Beacons light up across the UK to mark the 80th anniversary of D-Day landings

Topic: PeopleHonours and awards Storyline: HMNB Portsmouth

On the evening of 6th June, over one thousand beacons were lit throughout the United Kingdom, Channel Islands and UK Overseas Territories to commemorate the 80th anniversary of the D-Day landings in Normandy, France, and to pay tribute to those who contributed to the liberation of north-west Europe from Nazi occupation.

The Principal Beacon lighting took place at His Majesty’s Naval Base (HMNB) Portsmouth, leading the nation in the initiative with a commemorative ceremony.

Members of the Royal Marines Band Service opened the ceremony with a marching display and musical entertainment for the guests, before the beacon lighting event in Starboard Arena.

Tributes were led by the Royal Navy’s Fleet Commander, Vice Admiral Andrew Burns CB OBE, and Royal Navy Chaplain Ralph Barber. The event began with a prayer and the blessing of the ceremonial torch and beacon from the Chaplain, both of which hold samples of sand collected from the five beaches in Normandy. The beacon was then ignited by 99-year-old D-Day veteran, Vera Brett.


Vera lived in Kent at the outbreak of the war, and applied to support the war effort through the Royal Navy as soon as she was able. After training, she was initially employed on a radar station, protecting Falmouth, as part of the Women’s Royal Naval Service (WRNS).

At the time of D-Day, Vera was just 19 years old and was stationed in Portsmouth, at the radar-controlled gunnery based there. Living in WRNS’ quarters in Southsea, she recalls leaving work for the day on 5th June 1944 and seeing the Royal Navy vessels docked in Portsmouth Harbour, but when she woke up the next morning they had all left.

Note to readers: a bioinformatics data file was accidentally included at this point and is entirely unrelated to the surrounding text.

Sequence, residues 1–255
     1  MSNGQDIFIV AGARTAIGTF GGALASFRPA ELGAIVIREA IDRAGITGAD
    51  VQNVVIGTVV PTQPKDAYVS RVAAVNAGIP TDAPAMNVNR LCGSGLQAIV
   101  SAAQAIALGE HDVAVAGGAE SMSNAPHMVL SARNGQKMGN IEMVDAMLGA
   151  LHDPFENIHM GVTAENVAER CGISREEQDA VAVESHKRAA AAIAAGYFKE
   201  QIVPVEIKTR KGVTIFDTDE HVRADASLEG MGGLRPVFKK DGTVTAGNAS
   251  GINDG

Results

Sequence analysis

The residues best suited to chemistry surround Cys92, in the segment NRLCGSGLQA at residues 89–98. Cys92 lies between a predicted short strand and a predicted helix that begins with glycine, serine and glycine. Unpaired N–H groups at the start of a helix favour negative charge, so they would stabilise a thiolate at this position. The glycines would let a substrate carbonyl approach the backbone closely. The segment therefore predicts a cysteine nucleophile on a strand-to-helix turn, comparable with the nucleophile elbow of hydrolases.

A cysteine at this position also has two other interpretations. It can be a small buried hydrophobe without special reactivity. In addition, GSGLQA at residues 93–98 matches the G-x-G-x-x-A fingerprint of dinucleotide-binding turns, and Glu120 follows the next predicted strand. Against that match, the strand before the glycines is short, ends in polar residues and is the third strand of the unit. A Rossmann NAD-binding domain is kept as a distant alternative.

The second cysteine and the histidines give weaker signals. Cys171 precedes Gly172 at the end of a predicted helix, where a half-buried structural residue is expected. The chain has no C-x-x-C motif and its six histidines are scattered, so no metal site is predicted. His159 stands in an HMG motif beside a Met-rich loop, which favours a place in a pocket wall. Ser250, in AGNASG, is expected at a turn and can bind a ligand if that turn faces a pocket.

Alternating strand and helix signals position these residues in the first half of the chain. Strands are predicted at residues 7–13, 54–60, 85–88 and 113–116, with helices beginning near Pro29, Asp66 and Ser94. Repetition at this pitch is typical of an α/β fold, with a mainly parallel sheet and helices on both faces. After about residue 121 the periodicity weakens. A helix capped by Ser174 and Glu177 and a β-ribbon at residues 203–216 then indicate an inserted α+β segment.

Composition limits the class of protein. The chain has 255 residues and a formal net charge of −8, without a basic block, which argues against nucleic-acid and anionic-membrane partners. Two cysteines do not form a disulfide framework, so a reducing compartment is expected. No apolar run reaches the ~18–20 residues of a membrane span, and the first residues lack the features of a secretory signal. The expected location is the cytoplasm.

The ceremony concluded with a sunset performance by the Royal Marines Band.

Naval Base Commander of HMNB Portsmouth, Commodore John Voyce OBE ADC said “It’s been a historic event tonight here at Portsmouth Naval Base, the home of the Royal Navy, and an honour to witness the lighting of the principal D-Day 80 Beacon. It is important to hold commemorative events, such as tonight, to remember the courage, service and sacrifice of those who served and supported the 6th of June D-Day landings and ensure their stories live on.”

The lighting of the beacons was accompanied by hundreds of Lamp Lights of Peace, their flames representing the ‘light of peace’ that emerges from the dreadful darkness of war.

This event, and those similar across the country, marked the climax of special commemoration events throughout the week in tribute to the many thousands of men and women that sacrificed their lives fighting for the freedom we all enjoy today.

More information around the Beacon Lighting initiative can be found on the D-Day 80 Beacon website: